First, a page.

Work began in mid-August for the KITA! podcast team to lay the groundwork, look for contributors and plan each episode. Now in its fourth episode, the bi-weekly arts-anthology podcast, which went live in October and is available across various digital platforms, features works of homegrown writers, poets, musicians, and other storytellers.
But Lim Jack Kin, who leads the KITA! team of six as its creative director, says the challenge is to pay the contributors.
“Creative work is a valuable pursuit but it's not always compensated as fairly as it should be. Our project plans to have about 35-40 contributors and we genuinely think that making payments, even if they're not huge ones, helps keep us inclusive. If the only people who can contribute to our project are those who can afford to take the time out of their day job to do it, we lose out on a lot of perspectives and a lot of good art, ” says the 23-year-old freelance writer and poet.
Lim was among four other Malaysian artists from various disciplines who received this year’s Krishen Jit Fund at a recent ceremony held at Five Arts Centre in Kuala Lumpur. The fund is supported by Astro and SK Chambers.
“The fund makes huge strides towards working to solve that problem. It will also go towards marketing costs and compensating the creative team, who have all taken up the project at some cost to our personal and professional lives, ” says Lim, who received a RM5,000 grant.
A total of RM33,000 was given out for this year's Krishen Jit Fund, which honours one of Malaysia's influential names in arts and culture.
Besides Lim, the recipients this year were Andy Darrel Gomes, Nursuliana Sulaiman, Justin Lee Kah Wai and Sheau Yun Lim.
They were selected from a pool of 50 applicants for projects in dance, theatre, film, video, music, training and interdisciplinary works.
Introduced by Astro in 2006 together with Five Arts Centre, the fund has helped realise the artistic vision of many local practitioners.
Nursuliana, or Suzy as she is fondly called, received RM8,000 for Homes. This project is a visual art exhibition featuring three art projects that explore social inequality, and built environments.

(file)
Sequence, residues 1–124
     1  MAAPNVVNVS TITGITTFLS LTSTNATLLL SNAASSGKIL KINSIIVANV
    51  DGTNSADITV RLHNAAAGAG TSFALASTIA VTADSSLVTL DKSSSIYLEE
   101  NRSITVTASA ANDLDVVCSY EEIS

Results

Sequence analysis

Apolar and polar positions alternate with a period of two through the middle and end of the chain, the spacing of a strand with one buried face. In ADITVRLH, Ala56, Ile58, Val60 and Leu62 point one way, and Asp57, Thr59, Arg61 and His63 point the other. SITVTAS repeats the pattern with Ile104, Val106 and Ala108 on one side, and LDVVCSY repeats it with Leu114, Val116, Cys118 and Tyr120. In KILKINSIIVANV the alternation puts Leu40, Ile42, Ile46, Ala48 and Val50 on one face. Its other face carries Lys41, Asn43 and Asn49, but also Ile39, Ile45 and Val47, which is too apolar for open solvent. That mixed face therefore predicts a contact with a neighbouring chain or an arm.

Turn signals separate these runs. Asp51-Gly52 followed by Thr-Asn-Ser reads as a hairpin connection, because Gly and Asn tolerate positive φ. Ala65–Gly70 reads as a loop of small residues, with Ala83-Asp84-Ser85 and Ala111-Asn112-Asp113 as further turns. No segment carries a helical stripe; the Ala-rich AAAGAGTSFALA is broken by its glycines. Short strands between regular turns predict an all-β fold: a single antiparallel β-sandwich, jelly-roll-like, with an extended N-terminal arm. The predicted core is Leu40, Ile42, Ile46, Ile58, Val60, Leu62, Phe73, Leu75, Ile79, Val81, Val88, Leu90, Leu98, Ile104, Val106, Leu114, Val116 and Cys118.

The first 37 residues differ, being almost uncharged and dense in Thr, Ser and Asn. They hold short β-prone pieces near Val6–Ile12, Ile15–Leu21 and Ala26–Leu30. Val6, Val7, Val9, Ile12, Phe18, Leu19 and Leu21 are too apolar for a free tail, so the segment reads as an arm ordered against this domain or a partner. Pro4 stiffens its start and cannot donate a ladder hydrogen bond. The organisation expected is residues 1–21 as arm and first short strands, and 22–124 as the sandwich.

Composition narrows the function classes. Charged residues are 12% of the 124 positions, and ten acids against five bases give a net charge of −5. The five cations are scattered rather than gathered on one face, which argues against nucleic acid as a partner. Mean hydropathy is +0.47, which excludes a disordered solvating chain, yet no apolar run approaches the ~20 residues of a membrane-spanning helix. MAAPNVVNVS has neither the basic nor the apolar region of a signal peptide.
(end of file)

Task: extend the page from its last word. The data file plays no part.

“Three visual artists will collaborate with urban situated disadvantaged communities. The exhibition will be punctuated by talks and workshops to highlight these issues that are often purposely silenced by property developers and building authorities.
“The visual art process such as research, production and exhibition will be a conduit for marginalised communities to access the mainstream Malaysian 'privileged' public sphere. We hope that the subjective experience of an art exhibition will be gentler and more inviting for the public to experience these parallel yet hidden worlds of the disadvantaged communities," says Suzy, adding that the exhibition will tentatively take place in November or December next year.
Theatre practitioner and lecturer Andy Darrel Gomes received RM11,000 for 4 Transitional Cinema Short Films. He will be working with a group of emerging directors to develop a new mode of cinema as a response to New Malaysia.
Impermanence, a collaborative performative piece of sound, movement and spatial design by Justin Lee Kah Wai received RM5,000.
Lee, a KL-based architect, is relatively new to the art scene and has been involved in creating a few installations for art exhibitions. With his interdisciplinary background, Lee is interested in the mediation and convergence of different mediums and subjects.
Another recipient is architectural historian Sheau Yun Lim, who received RM4,000 for her Malaysia Design Archive Publication. This is an initiative to redefine arts and visual culture publications in South-East Asia. Positioned between academic scholarship, artist book and essays, Sheau and her team hope to publish well-researched works of non-fiction and art.
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